Victorian Landcare Magazine - Spring 2020, Issue 79

Victoria’s High Country Rail Trail – an impressive community achievement

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Above Members of the Bonegilla Action Group at work on the High Country Rail Trail.

Community discussions about developing the old Cudgewa rail line in north east Victoria into the High Country Rail Trail got underway in the 1990s. Parklands Albury Wodonga (PAW) was appointed as Committee of Management for the first 40 kilometres of the trail in 2000.

The community got cracking with restoration works along the degraded rail corridor between Wodonga and Cudgewa, including the regeneration of native ecosystems and restoration of a number of historic timber trestle bridges.

Three dedicated volunteer groups were formed along the rail corridor: the Bonegilla Advisory Group, Tallangatta Advisory Group and Koetong-Shelley Development Association. The groups had regular planning meetings and working bees. In the first six years more than 865 volunteers contributed in excess of 37,239 volunteer hours in developing, managing and marketing the trail.

Since then in-kind contributions, fundraising and project funding secured by PAW has enabled fencing and revegetation of more than 80 kilometres of the corridor.

The rail trail traverses a variety of environments and altitudes, from the wetlands and floodplains of the Kiewa River, through fertile farmland on the slopes to the steep forested hills of the high country.

Grasslands have been managed in partnership with local CFA units, with a three-yearly burning regime resulting in the return of quality native grasses. These burns have also been valuable training exercises for new CFA recruits.

The cluster revegetation of native trees and shrubs on former farmland has resulted in connected corridors providing habitat for native fauna to travel through and adapt to climate change.

Where the trail traverses farmland, fencing combined with new lease arrangements has enabled management for the regeneration of native ecosystems. Changing from permanent grazing to environmental grazing has seen native wetland grasses regenerate and eliminated pugging during the winter months.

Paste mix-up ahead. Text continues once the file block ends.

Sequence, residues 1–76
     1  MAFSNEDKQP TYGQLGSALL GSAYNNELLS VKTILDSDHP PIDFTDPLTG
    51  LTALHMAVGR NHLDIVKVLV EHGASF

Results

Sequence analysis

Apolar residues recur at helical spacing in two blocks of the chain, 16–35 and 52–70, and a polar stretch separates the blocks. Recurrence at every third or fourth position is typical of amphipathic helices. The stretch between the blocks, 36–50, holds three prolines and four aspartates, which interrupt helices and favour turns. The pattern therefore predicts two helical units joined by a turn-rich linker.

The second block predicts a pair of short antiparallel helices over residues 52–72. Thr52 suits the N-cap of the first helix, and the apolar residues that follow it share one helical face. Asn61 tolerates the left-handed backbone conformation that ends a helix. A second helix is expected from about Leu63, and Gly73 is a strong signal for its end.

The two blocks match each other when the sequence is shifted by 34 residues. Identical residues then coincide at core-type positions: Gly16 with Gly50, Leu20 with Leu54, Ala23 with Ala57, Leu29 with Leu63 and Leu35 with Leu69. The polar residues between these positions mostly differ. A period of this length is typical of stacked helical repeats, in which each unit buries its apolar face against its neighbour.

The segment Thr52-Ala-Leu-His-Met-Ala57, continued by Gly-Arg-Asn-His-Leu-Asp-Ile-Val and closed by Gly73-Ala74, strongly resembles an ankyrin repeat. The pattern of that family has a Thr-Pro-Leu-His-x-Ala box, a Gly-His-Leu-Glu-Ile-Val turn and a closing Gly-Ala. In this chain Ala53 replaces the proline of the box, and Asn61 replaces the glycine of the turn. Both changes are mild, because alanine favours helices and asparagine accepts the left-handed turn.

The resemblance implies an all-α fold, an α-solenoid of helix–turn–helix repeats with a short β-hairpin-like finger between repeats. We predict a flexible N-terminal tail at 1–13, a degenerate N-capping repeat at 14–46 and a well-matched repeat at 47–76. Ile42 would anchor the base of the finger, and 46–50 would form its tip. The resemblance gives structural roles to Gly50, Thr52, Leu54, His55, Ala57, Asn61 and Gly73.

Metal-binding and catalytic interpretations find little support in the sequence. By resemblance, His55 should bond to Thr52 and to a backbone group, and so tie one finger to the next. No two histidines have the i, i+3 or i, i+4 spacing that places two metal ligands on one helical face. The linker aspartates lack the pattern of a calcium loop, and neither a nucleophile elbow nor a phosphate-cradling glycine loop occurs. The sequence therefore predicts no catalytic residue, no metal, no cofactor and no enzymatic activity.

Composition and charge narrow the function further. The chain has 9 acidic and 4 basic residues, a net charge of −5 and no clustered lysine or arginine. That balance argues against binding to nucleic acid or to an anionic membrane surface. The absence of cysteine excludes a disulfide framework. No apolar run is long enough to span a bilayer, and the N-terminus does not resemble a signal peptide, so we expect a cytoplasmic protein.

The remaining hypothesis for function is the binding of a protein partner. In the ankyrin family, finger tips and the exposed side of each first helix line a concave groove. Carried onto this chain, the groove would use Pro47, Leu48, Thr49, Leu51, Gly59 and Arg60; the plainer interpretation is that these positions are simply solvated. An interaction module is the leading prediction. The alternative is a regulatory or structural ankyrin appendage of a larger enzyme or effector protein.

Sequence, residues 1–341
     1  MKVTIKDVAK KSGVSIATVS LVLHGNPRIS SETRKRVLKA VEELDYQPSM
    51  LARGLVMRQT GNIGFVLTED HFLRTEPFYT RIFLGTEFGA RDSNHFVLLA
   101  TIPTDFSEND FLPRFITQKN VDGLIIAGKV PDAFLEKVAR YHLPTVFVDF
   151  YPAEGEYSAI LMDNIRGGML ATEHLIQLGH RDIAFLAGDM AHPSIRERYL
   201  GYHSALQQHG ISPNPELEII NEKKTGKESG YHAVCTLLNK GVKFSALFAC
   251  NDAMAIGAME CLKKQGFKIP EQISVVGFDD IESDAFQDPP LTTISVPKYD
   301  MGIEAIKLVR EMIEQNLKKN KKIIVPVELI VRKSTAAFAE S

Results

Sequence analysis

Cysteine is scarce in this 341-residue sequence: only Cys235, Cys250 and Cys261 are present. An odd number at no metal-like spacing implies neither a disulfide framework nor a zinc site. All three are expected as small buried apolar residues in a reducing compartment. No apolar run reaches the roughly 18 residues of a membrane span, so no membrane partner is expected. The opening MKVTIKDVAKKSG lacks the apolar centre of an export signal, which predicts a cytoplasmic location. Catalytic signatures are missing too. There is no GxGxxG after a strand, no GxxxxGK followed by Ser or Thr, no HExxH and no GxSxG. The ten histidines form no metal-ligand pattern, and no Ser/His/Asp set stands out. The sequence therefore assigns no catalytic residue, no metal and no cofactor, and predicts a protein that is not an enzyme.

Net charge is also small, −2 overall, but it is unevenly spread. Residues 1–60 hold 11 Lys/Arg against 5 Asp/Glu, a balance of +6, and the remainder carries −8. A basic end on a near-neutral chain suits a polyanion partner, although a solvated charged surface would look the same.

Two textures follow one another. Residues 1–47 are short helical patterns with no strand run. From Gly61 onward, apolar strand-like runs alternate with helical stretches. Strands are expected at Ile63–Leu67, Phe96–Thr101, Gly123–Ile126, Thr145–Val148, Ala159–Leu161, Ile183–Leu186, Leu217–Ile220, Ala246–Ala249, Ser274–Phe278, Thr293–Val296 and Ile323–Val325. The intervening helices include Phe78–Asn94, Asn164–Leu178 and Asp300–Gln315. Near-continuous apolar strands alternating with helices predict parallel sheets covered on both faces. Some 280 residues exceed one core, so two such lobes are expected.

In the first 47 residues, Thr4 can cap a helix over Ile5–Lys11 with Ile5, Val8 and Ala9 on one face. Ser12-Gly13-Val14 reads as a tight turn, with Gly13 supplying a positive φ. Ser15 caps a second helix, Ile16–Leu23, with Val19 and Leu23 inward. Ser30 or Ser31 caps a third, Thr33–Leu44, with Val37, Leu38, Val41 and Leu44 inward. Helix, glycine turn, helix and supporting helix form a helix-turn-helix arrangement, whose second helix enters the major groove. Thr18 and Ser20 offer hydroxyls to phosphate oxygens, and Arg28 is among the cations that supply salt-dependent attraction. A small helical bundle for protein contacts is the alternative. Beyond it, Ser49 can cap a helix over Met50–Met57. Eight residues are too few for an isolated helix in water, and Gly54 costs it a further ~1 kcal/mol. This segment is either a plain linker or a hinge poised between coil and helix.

Public awareness has grown from the ground up. Thousands of individuals, groups, businesses, schools and clubs have been involved through community planting days, fundraisers and working bees. The restoration of historic trestle bridges on the route has attracted specialist groups including the Puffing Billy Preservation Society.

The trail is used by walkers, cyclists and horse riders. Events such as the Sandy Creek Bridge Walk, Whistle Stop High Tea, cycle tours, railway history walks, and natural and cultural heritage activities are hugely popular. Community members recently contributed artwork and designed signs to raise awareness of the environment and cultural heritage assets along the trail.

Over 20 years the High Country Rail Trail has evolved from being a fragmented and neglected remnant of history to an iconic rail corridor connecting the legendary Victorian High Country to the mighty Murray River.

Anne Stelling is Communications Ranger with Parklands Albury Wodonga.

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By Anne Stelling


Parklands Albury/Wodonga